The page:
Soon, late lunch (or is it early dinner?) is served. He invites everyone to the table, which can accommodate only a third of the dozens in the house. He motions to the new visitor to join him and, as soon as he settles down, a pastor leads a prayer in Cebuano, Pacquiao’s native tongue. (The pastor had left his flock in the Philippines and joined several others to minister to Pacquiao’s spiritual needs.)
Somebody hands Pacquiao a burger from Carl’s Jr., a big, sinful double-patty sandwich. “Did you buy this?” he asks his business manager, Michael Koncz, who is seated to his right.
“No, but I told someone to buy it for you,” Koncz replies. Manny had been craving a burger and Koncz recommended it to him.
“But are you supposed to eat that?” the visitor asks. “Well,” Manny says, “I eat anything. Walang bawal sa akin. I never had any weight problem. In fact, I have always been underweight in my fights. I should be 145, 146 pounds for the weigh in.”
At this point of his training, that’s below the 147-pound welterweight limit. That’s odd in the fight game, where boxers struggle to make the weight limit.
No mention of Mayweather
Having settled the diet issue, Manny takes a big bite of the burger, which is a signal for everyone else to start the meal. The dining table seats 10, so the rest of the people in the house eat in the kitchen. They all eat the same thing—fried rice, bulalo soup, broccoli with chicken and diced beef cooked tapa style, Manny’s favorite at the Thai restaurant outside Wild Card gym.
There’s hardly any mention of Mayweather or the big fight. The discussion on the table segues to how the fast-food burger is prepared. If you see the video of how the burger is made, you’ll never eat a burger again, says Manny. But he takes a few more bites of the burger and saves the last bite for Koncz, who gladly finishes it.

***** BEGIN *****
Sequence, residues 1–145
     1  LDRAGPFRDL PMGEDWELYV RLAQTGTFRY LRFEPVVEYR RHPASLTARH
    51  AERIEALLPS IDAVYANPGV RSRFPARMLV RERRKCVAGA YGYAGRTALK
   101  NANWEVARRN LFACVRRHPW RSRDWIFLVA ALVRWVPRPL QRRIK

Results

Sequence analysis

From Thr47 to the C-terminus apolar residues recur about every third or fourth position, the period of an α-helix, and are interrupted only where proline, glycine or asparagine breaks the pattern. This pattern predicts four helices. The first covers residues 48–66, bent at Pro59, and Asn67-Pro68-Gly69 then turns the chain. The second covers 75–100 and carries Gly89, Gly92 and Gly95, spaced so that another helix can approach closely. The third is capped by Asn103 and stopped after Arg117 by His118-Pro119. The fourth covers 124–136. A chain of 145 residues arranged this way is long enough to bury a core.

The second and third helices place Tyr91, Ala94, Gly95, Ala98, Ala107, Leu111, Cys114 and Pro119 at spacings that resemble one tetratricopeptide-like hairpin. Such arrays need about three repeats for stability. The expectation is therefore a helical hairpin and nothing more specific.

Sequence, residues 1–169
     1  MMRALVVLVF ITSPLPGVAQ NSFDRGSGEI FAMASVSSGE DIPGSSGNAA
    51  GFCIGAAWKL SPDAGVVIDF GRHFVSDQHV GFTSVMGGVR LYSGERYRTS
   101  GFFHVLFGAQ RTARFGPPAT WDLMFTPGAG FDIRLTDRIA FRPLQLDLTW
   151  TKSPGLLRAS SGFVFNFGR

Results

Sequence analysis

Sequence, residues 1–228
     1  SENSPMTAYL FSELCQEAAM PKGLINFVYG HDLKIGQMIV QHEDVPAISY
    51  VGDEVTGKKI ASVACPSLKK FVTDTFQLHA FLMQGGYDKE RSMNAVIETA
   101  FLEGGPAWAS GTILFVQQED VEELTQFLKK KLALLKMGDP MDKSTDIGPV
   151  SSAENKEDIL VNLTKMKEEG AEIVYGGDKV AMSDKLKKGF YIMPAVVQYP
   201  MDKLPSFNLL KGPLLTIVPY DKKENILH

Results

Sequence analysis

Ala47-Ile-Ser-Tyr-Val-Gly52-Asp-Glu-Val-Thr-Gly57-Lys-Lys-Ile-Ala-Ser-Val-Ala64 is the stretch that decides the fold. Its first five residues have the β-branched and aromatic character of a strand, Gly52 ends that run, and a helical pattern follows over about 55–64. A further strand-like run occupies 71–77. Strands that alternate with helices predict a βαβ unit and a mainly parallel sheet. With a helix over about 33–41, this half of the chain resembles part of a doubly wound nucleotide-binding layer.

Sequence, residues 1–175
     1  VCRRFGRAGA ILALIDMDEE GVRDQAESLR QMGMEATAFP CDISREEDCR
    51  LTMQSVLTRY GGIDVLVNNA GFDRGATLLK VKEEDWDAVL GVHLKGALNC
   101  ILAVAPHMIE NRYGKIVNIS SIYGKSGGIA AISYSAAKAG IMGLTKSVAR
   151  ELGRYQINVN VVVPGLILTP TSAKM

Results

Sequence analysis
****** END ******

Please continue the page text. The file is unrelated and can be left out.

Koncz discusses business with Pacquiao while everyone else listens. The deal on head band for fight night is a go, says Koncz, but there’s one more space in his trunks. He then whispers something to Pacquiao, maybe more money for the deal.
Lunch is over and Pacquiao has to do one last bit of work for the day—a short interview with the few media men still around. They ask the same questions asked before and he gives the same answers he has given before, but he has a way of saying them like they were news. The media love him for that. Manny is his own spin doctor.
Twilight looms and the shadows of the palm trees outside Pacquiao’s house are lengthening. Finally, the journalists leave with another story, and the champion retires to his kingdom after another day’s hard work. There is no typical day in the life of Manny Pacquiao, boxing champ, politician, basketball player and coach, preacher, show biz entertainer, family man, philanthropist. Each day is different. Tomorrow is another day.
Simple pleasures: Pacquiao wolfs down a burger
For more updates on Pacquiao-Mayweather “Fight of the Century,” visit The Pacquiao Files.